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Player Profile: M&T Bank's Michael Sinclair
May 12, 2023
Player Profile

This week Charlotte partner Trent Lindsay and associate Morgan Dennis connect with Michael Sinclair, Executive Vice President & Head of Fund Banking at M&T Bank. Based in Boston, Michael has over 25 years of banking experience and manages Fund Banking at M&T. Previously, Michael was with East West Bank for seven years, where he co-founded the Private Equity team. Prior to that he served in banking and investing roles with SVB, Raymond James, TSG Equity, and BankBoston. Michael has an MBA from the Tuck School of Business at Dartmouth and an A.B. in Biology from Bowdoin College. He is also a CFA Charterholder.

FFF: Michael, could you tell us a bit about your background and your route into fund finance?

MS: My career in banking has mostly centered around private equity. Prior to entering fund finance, I worked in sponsor finance, M&A advisory and private equity investing. I started my banking career at BankBoston in the Analyst training program, about two weeks after graduating from Bowdoin College. I also worked for TSG Equity Partners and Raymond James, and attended business school at Tuck, before starting in fund finance at SVB in 2009. I joined East West a few years later to build their fund finance practice and to open their Boston office. People’s invited me to launch the precursor to our current M&T business in 2018, prior to the merger. While challenging, I’ve found that building business at banks has been a gratifying experience.

FFF: You led the Fund Banking business of People’s United Bank prior to its merger with M&T Bank and now hold the same position at M&T. How has your role and the bank’s fund finance offering changed as a result of the merger?

MS: My role is the same, but the platform at M&T is much broader. We have enhanced capabilities at M&T in leveraged finance, real estate, and wealth management, which allows our team to build deep relationships with our clients. In terms of balance sheet, our assets are over $200 billion, which has enabled our team to increase our credit hold positions. Our team members are based primarily in Boston and New York, which are markets where the bank has a large presence. Our clients are located across the U.S., which means we travel often.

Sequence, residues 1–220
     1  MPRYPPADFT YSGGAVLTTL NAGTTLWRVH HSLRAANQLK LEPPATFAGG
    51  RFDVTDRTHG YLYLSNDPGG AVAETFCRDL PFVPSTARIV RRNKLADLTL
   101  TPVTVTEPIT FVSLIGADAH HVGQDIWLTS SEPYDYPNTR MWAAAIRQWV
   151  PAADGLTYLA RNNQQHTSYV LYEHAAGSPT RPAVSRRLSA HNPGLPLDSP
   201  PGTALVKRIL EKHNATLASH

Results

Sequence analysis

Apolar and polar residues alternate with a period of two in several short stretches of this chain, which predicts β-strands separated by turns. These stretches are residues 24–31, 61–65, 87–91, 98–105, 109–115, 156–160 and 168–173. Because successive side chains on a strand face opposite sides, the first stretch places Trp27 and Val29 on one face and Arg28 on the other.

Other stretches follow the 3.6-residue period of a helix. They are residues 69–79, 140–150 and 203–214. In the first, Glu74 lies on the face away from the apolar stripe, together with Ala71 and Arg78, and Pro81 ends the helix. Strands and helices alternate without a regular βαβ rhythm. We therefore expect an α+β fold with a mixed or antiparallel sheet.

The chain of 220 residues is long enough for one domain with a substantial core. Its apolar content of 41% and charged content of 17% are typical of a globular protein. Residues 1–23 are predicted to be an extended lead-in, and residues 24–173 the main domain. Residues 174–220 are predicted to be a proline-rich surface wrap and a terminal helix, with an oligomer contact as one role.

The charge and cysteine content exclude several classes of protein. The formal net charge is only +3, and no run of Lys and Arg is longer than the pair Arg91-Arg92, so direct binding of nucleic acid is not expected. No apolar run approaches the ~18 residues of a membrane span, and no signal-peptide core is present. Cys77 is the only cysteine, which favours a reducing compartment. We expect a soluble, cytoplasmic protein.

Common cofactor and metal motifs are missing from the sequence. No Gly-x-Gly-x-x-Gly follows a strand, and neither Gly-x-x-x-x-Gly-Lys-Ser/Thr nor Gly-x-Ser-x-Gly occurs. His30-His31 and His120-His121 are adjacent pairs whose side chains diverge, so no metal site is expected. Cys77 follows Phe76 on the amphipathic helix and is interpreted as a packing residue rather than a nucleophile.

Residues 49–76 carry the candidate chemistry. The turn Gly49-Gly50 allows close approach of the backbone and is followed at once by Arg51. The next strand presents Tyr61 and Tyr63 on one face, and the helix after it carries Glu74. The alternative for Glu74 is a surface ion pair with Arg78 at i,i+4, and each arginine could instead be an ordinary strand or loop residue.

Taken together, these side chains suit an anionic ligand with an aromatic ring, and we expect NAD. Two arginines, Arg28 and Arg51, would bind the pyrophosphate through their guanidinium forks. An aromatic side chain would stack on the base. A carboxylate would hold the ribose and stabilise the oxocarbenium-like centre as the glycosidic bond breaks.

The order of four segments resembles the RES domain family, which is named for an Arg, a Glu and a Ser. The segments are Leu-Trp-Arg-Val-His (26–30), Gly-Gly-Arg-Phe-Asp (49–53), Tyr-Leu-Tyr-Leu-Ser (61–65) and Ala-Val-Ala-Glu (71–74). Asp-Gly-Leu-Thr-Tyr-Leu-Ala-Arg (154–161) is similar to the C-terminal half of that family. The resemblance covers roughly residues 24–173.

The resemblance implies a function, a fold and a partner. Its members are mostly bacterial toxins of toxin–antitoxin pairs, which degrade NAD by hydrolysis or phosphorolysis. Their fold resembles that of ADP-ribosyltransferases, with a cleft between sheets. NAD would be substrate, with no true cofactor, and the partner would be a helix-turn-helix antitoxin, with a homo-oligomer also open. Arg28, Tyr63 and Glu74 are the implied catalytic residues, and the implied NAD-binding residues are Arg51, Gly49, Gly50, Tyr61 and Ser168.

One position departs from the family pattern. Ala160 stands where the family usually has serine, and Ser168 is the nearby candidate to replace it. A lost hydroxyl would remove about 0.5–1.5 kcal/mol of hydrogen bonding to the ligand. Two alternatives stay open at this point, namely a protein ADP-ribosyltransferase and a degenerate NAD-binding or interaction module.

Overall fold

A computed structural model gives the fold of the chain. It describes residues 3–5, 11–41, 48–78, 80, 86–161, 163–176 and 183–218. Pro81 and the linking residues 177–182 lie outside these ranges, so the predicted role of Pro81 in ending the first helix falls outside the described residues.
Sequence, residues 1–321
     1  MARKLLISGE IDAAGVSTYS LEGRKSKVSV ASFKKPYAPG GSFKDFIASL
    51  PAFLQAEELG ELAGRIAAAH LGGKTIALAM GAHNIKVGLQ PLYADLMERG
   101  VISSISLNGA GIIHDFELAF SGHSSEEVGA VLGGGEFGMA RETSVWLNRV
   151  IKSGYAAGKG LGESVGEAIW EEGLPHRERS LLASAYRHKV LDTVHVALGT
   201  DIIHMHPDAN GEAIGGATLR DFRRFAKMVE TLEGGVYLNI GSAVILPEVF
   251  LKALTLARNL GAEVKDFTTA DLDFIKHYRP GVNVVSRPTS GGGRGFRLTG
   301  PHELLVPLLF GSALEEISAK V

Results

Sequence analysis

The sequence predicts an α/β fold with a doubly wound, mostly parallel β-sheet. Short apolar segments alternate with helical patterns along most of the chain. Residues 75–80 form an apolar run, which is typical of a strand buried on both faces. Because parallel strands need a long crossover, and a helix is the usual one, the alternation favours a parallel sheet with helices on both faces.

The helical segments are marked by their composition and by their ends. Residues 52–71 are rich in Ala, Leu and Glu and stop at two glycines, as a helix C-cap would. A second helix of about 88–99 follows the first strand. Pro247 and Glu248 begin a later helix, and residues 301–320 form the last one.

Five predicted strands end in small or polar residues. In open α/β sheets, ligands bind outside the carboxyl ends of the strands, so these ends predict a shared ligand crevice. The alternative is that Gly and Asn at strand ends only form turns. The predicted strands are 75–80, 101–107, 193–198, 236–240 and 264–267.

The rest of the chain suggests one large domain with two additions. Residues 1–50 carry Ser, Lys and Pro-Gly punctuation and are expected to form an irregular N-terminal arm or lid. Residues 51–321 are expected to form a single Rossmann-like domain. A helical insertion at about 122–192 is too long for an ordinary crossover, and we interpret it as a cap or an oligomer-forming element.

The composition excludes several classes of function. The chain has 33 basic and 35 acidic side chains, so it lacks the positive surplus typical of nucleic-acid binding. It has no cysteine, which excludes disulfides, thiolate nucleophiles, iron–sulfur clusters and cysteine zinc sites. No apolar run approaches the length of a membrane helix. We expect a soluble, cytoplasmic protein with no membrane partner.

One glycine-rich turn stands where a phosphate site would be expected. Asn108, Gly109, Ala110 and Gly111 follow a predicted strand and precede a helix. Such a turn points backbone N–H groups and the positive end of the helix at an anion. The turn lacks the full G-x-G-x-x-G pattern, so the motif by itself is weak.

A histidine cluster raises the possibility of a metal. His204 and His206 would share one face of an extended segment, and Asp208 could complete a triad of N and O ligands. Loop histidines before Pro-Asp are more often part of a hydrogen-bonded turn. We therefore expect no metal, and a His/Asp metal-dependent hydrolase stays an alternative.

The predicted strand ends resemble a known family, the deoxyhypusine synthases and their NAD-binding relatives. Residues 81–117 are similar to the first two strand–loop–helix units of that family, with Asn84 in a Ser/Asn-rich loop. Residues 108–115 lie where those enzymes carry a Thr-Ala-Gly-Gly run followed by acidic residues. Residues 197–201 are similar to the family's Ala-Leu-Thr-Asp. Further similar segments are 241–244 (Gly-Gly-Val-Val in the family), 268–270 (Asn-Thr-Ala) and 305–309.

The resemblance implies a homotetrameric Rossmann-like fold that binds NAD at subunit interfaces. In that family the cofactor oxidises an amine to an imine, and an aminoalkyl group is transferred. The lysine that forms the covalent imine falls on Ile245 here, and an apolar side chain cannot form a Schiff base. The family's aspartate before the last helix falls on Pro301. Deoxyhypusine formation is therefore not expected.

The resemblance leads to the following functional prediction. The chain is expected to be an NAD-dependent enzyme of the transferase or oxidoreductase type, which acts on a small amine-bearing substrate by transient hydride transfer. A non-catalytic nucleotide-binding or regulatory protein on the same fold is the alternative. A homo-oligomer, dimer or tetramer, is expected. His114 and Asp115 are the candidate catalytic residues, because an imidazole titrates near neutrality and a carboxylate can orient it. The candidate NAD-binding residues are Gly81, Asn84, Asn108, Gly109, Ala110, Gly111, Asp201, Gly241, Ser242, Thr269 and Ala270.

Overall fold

FFF: M&T Bank has been very active in subscription finance in the last year. What types of transactions is M&T focused on? What are your plans for the future?

MS: We are heavily focused on subscription lines at the moment. Our legacy portfolio includes a combination of bilateral facilities, agented facilities, and participations. As we scale this business, we are expanding client relationships beyond fund-level financing. This generally means leading deals or serving as the primary bank. M&T has a robust Debt Capital Markets business that positions us well to lead multi-bank facilities. Both management company lines and NAV are likely on the horizon. We want to develop guidelines and dedicate internal resources before establishing those portfolios. We anticipate having more bandwidth to focus on product expansion in the second half of the year.

FFF: How do you look at transactions differently than other lenders?

MS: We have thorough credit and risk management processes. We want to build this business in a thoughtful way and at a moderate pace, which means not every opportunity is a fit. We strive to deliver quick feedback, and provide superior execution on the opportunities we pursue. We frequently use structural mitigants to arrive at a solution, and we customize each facility based on the unique needs and risk profile of each fund.

FFF: How do you see the fund finance market changing over the next year? 

MS: My main prediction is facility sizes will decrease relative to LP commitment levels, especially for larger funds. It wasn’t that long ago that credit facilities were 10-20% of fund size. We’ve crept up to 30-40%, and I expect that trend to normalize. I think the syndication market will come back, but with different economics, and potentially new sources of funding. Credit funds may need to rethink leverage levels and the related capital cost. The push for deposits will be ongoing, but banks with a diverse and granular deposit base should remain active in this market.

FFF: What advice do you have for young people getting started in fund finance, whether as lenders or in private equity?

MS: This is a great business and a close community. Despite the recent market dislocation, fund finance offers a variety of attractive career opportunities. You should seek organizations with stability and strong leadership, and teams that are experienced and also willing to provide mentorship. Don’t be afraid to assert yourself where appropriate by asking informed questions and offering your unique point of view. Think about getting involved with new initiatives at your bank or firm, which will likely lead to recognition.

FFF: What do you like to do outside of the office?

MS: I have three teenage boys who participate in many sports. I dedicate the weekends to activities with them as much as possible. I’m coaching youth lacrosse this spring, and getting back into running. We’re traveling to lacrosse tournaments in June and July, and then planning a family vacation in August which will involve time on the water and fishing. I hate to mention snow just as we are coming out of cold weather, but I also enjoy skiing.


M&T Bank. Member FDIC

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